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Government to keep oropharyngeal sampling despite incident

The government has decided not to cancel sampling via oropharyngeal swabs in its nucleic acid testing (NAT) scheme, after considering residents’ preferences in having their samples collected for a COVID-19 test by this method.

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UPDATED: 22 Dec 2023, 5:44 am

Addressing Wednesday’s press conference about Macao’s novel coronavirus situation, Alvis Lo Iek Long, a clinical director of the public Conde de São Januário Hospital Centre, announced that the government has decided not to cancel sampling via oropharyngeal swabs in its nucleic acid testing (NAT) scheme, after considering residents’ preferences in having their samples collected for a COVID-19 test by this method.

However, Lo said that if Macao’s COVID-19 situation changed in the future like the one in Hong Kong – which is being hard hit by a citywide outbreak – residents would have their samples collected under the Macao government’s NAT scheme only via nasopharyngeal swabs, which ensure more accurate results than oropharyngeal swabs.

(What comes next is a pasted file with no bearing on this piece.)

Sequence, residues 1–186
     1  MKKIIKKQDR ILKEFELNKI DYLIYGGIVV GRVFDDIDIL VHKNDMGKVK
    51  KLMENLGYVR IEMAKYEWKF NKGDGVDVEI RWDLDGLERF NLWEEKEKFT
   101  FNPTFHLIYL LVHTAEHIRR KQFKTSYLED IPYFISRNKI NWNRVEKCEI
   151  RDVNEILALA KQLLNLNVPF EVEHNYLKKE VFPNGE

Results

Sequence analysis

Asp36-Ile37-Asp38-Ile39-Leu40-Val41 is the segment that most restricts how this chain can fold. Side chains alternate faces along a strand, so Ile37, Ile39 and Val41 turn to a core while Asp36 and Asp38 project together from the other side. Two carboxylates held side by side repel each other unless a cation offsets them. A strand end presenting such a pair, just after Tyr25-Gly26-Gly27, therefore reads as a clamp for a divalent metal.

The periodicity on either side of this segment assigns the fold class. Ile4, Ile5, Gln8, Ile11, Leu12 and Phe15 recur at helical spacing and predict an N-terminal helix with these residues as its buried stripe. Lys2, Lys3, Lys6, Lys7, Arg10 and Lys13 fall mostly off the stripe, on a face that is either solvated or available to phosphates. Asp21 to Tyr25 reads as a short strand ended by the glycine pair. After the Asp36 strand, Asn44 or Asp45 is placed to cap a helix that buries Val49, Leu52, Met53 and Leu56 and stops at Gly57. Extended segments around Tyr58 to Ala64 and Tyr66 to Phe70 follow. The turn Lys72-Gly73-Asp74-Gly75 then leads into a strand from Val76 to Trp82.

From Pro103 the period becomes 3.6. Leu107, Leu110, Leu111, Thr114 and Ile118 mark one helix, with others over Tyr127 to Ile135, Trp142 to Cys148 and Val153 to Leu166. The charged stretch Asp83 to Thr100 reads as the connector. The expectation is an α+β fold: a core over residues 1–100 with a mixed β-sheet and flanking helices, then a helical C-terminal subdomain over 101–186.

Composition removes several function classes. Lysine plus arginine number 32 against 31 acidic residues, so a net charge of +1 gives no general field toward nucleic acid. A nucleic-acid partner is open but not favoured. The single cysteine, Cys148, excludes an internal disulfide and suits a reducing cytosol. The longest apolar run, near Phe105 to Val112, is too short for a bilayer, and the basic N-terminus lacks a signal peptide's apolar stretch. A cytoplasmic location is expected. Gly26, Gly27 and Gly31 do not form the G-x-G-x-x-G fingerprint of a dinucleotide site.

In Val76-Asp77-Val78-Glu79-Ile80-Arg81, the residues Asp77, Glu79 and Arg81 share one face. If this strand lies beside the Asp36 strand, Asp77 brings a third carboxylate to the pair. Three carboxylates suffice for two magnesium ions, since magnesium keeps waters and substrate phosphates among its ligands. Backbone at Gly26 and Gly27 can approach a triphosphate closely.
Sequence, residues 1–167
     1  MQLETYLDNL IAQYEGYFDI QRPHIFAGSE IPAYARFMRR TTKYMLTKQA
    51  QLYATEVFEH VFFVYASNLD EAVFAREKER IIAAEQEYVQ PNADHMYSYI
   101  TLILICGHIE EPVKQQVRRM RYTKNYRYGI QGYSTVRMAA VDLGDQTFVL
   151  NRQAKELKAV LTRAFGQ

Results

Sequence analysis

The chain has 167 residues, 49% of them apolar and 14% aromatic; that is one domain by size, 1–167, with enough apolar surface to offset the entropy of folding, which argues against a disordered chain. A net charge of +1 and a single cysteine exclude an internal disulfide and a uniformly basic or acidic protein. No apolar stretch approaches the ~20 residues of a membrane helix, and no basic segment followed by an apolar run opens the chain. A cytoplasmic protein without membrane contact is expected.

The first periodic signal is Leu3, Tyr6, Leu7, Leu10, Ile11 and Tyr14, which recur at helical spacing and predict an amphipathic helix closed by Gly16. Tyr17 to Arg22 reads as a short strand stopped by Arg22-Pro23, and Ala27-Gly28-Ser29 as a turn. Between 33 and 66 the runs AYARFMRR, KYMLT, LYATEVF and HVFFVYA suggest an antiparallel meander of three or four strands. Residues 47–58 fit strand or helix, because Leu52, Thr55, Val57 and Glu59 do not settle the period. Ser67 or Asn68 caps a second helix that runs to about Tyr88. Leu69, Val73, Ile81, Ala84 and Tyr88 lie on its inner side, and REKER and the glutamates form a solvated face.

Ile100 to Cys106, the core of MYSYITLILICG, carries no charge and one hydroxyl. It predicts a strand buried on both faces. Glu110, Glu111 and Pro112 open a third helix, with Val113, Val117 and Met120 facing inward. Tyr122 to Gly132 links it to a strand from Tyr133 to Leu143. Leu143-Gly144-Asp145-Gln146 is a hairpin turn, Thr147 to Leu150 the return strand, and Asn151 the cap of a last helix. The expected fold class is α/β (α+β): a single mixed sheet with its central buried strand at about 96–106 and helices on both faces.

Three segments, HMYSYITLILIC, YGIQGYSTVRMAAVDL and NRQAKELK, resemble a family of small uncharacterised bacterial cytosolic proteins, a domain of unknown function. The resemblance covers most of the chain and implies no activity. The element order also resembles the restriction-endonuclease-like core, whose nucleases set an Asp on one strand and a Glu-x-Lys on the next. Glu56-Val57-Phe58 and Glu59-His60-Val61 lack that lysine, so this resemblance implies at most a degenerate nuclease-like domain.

Lo’s remarks came after the local government said in a statement on Tuesday night that the Health Bureau (SSM) would require all COVID-19 testing institutions in the city to collect samples from those undergoing their nucleic acid tests only via nasopharyngeal swabs – i.e. to no longer take oropharyngeal swabs, after a seven-year-old boy accidentally bit off the swab and swallowed its tip on Tuesday morning when he was having his sample collected for a COVID-19 test via an oropharyngeal swab at the NAT programme’s main testing station in the Taipa Ferry Terminal in Pac On.